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The length of a muscle’s moment arm can be estimated noninvasively using ultrasound and the tendon excursion method. The main assumption with the tendon excursion method is that the force acting on the tendon during passive rotation is constant. However, passive force changes through the range of motion, and thus moment arm is underestimated. The authors attempted to account for passive force on the measurement of Achilles tendon moment arm using the tendon excursion method in 8 male and female runners. Tendon excursion was measured using ultrasound while the ankle was passively rotated at 0.17 rad·s−1. Moment arm was calculated at 5° intervals as the ratio of tendon displacement to joint rotation from 70° to 115°. Passive moment (MP) was measured using a dynamometer. The displacement attributable to MP was calculated by monitoring tendon displacement during a ramp isometric maximum contraction. MP was 5.7 (2.1) N·m at 70° and decreased exponentially from 70° to 90°. This resulted in MP-corrected moment arms that were significantly larger than uncorrected moment arms at joint angles where MP was present. Furthermore, MP-corrected moment arms did not change with ankle angle, which was not the case for uncorrected moment arms.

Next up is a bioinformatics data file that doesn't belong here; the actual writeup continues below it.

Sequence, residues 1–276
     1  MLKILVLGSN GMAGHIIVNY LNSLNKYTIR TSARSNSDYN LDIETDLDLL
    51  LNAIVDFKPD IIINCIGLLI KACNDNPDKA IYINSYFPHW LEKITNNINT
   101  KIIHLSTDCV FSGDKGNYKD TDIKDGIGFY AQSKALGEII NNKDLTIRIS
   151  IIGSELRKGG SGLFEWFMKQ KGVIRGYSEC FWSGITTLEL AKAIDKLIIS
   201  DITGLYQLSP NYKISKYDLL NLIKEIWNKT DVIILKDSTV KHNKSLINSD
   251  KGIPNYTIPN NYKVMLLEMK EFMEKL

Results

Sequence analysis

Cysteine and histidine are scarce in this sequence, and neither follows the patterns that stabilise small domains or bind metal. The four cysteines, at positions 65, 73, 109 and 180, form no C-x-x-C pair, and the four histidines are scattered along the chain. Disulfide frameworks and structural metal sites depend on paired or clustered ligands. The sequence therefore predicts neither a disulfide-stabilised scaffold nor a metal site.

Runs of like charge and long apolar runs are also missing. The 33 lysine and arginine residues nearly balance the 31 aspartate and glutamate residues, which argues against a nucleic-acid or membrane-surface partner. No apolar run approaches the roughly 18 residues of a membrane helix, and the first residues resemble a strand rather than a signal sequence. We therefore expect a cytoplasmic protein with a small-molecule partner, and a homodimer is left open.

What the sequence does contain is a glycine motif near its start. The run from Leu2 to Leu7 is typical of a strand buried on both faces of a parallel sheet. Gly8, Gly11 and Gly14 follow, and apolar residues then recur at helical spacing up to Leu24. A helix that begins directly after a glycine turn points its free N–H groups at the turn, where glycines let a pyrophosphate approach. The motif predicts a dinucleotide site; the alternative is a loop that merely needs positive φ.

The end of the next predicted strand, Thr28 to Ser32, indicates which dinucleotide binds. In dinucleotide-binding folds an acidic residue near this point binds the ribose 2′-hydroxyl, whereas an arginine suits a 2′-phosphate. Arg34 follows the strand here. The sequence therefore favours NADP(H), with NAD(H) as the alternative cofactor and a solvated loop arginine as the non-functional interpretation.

Fletcher and MacIntosh are with Human Performance Laboratory, Faculty of Kinesiology, University of Calgary, Calgary, Canada. Fletcher is also with W21C Research and Innovation Centre, O’Brien Institute for Public Health, Cumming School of Medicine, University of Calgary, Calgary, Canada.